Foreign governments however still maintained this right until 1971 when a perceived overprinting of money for various Federal purposes (i.e. “guns and butter” and the Great Society) caused downward pressure on US dollar. As a result, other nations, most notably France, demanded gold as payment for their US Dollar reserves. Faced with a potential currency crisis, President Nixon refused to redeem dollars for gold and thereby “closed the gold window” for everyone including foreign nations. (See The End of Dollar Hegemony, Congressman Ron Paul’s (R-TX) testimony before the House of Representatives describing the history of Federal Reserve Notes).
Nixon’s closing of the gold window was the final step in removing any tangible value from the US dollar. And if the power structure showed restraint in plundering the purchasing power of the dollar, no one might have noticed. Instead, many people did notice and a decade-long bull market in precious metals and interest rates ensued.
Of course, I am painting broad strokes here but the point is that commodity money had become fiat money. This changed the fundamental characteristics of the currency. Had you been around at that time, and understood what was going on, you would have known what came next: inflation across both consumer items and assets.
The reason these points are important is because by removing any tangible value from a unit of currency, the purchasing power of this unit was at the mercy of those in charge of printing it. The result was an enormous increase in federal spending and subsequently an increase in central government. And while many citizens gain benefit from the spending, the bill still must be paid. The payment comes from everybody’s pocket and in the form of inflation.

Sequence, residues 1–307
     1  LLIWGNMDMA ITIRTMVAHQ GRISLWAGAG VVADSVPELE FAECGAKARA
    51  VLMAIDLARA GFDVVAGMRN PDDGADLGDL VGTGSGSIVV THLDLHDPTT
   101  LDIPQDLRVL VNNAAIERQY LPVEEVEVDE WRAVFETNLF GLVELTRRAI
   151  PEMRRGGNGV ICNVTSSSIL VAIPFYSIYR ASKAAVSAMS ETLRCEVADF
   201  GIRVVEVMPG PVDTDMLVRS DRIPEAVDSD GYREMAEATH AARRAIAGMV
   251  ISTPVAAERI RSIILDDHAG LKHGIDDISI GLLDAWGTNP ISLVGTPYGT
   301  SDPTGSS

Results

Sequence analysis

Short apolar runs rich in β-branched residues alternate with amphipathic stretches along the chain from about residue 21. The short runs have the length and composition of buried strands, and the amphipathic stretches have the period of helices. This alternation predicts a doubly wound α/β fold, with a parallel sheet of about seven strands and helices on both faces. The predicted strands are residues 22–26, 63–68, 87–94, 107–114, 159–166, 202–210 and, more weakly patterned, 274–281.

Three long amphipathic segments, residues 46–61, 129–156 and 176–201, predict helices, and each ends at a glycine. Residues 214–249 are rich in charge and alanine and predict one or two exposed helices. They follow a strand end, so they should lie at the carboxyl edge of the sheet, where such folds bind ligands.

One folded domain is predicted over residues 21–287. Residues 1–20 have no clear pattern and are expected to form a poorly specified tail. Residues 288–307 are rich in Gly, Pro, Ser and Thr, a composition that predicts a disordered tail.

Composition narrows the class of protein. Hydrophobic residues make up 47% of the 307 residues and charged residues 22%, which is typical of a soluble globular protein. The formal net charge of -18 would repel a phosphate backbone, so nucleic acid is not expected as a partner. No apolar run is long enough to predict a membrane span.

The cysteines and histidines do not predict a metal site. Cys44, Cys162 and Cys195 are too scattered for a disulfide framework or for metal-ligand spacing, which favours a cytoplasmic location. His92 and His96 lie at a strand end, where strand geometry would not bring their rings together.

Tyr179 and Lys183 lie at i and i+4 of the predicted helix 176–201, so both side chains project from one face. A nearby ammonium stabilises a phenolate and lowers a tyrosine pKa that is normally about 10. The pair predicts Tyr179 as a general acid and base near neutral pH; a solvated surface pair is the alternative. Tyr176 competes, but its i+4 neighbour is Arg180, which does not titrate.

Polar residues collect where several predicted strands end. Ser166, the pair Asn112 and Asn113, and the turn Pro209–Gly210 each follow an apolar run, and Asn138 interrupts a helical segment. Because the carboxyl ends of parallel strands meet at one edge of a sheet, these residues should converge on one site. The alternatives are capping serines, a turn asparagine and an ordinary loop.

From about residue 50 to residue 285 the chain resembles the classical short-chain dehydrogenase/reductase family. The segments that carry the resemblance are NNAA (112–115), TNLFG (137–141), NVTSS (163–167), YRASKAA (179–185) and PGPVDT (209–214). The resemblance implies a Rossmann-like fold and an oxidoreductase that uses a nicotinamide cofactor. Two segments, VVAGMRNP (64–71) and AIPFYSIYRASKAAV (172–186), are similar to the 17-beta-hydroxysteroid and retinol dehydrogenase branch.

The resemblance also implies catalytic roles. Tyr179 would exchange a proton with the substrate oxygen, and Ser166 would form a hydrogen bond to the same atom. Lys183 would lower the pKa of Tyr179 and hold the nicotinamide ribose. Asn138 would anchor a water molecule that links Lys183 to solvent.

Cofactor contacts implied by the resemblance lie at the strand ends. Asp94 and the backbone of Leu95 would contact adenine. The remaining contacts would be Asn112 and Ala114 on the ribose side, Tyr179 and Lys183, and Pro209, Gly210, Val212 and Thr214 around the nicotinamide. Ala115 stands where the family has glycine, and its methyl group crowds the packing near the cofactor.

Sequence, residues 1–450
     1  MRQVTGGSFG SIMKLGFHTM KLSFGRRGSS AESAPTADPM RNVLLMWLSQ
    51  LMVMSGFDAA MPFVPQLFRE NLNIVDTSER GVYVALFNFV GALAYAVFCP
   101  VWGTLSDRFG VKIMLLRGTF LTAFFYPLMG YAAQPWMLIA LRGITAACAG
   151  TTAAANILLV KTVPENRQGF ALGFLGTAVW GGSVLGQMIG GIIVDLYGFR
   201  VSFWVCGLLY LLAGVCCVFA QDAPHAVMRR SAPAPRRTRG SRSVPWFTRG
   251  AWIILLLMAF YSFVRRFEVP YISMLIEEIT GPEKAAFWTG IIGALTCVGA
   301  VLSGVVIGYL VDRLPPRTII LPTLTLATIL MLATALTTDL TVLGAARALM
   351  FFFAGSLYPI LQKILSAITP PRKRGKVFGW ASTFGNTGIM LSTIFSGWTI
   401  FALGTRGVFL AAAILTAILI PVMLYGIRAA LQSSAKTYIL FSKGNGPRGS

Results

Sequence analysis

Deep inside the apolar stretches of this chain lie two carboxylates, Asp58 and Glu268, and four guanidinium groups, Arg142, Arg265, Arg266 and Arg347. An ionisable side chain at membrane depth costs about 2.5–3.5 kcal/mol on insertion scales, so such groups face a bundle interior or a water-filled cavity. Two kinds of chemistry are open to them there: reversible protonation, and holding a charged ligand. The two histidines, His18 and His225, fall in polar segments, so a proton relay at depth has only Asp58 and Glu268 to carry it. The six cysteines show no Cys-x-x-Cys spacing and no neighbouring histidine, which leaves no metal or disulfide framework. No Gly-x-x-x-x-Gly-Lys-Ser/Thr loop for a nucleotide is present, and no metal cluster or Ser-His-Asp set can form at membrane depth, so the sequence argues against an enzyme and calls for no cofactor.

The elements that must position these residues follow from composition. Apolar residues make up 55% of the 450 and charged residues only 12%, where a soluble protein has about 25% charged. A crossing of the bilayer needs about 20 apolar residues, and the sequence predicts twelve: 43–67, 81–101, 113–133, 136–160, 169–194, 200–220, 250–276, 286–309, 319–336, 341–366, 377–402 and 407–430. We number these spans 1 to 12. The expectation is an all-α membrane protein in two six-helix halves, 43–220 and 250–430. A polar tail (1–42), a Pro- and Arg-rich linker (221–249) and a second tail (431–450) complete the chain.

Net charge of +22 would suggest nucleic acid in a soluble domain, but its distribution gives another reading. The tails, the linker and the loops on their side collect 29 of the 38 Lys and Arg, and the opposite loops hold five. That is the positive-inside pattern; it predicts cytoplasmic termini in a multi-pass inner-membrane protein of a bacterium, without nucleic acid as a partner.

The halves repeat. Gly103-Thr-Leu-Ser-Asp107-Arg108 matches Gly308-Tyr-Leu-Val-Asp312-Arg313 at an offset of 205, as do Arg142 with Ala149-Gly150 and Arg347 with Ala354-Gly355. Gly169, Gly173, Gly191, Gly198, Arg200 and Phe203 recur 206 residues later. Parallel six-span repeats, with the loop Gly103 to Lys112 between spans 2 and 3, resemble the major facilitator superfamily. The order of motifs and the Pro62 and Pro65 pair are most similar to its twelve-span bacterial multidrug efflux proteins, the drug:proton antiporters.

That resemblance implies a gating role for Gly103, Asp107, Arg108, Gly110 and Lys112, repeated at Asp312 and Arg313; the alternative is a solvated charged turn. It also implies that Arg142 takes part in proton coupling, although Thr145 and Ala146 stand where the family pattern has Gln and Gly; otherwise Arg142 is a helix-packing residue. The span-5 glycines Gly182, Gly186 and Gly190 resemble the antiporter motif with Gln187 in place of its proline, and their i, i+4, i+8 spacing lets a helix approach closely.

There are differing opinions on how to define inflation. Austrian economic thought says that inflation is an increase in the money supply in disproportion to the increase in production. Others define inflation as an increase in the general price level in the economy. Regardless of the definition, there are different ways to calculate inflation. Let us explore some of these below.
Consumer Price Index (CPI)
According to the US Department of Labor (DOL), “The Consumer Price Indexes (CPI) program produces monthly data on changes in the prices paid by urban consumers for a representative basket of goods and services.”
So the purpose is to track a change in price either higher or lower. In most instances, and for the reasons set forth above, prices generally trend higher. Accordingly, for most people, the CPI Index is largely used to measure inflation. Even the Federal Government, when adjusting benefits payments, uses the CPI in calculating the adjustments. Here is the link to the FAQ page on the CPI website.
The index measurement is derived from “urban” prices for a specified basket of goods and services. The basket includes the following:
FOOD AND BEVERAGES (breakfast cereal, milk, coffee, chicken, wine, service meals and snacks)
APPAREL (men’s shirts and sweaters, women’s dresses, jewelry)
TRANSPORTATION (new vehicles, airline fares, gasoline, motor vehicle insurance)
MEDICAL CARE (prescription drugs and medical supplies, physicians’ services, eyeglasses and eye care, hospital services)
RECREATION (televisions, pets and pet products, sports equipment, admissions);
EDUCATION AND COMMUNICATION (college tuition, postage, telephone services, computer software and accessories);
OTHER GOODS AND SERVICES (tobacco and smoking products, haircuts and other personal services, funeral expenses).
Recently, the Federal Government has been using the “Core CPI” which excludes, or at least limits the use of energy and food prices in the calculation. The reason for this is sketchy, at best. The argument states the prices for food and energy are too volatile to give an accurate measure in price increases. Because rapid price fluctuations may occur because of trading or other economic conditions, these items are minimized in their use.
However, the price of everything depends on energy. And everyone must also eat (also energy). So to exclude a line item in the cost of everything is suspect. I can imagine multiple scenarios as to why the Feds shy away from the truth. Government statistics have unfortunately become poor indicators of true economic conditions.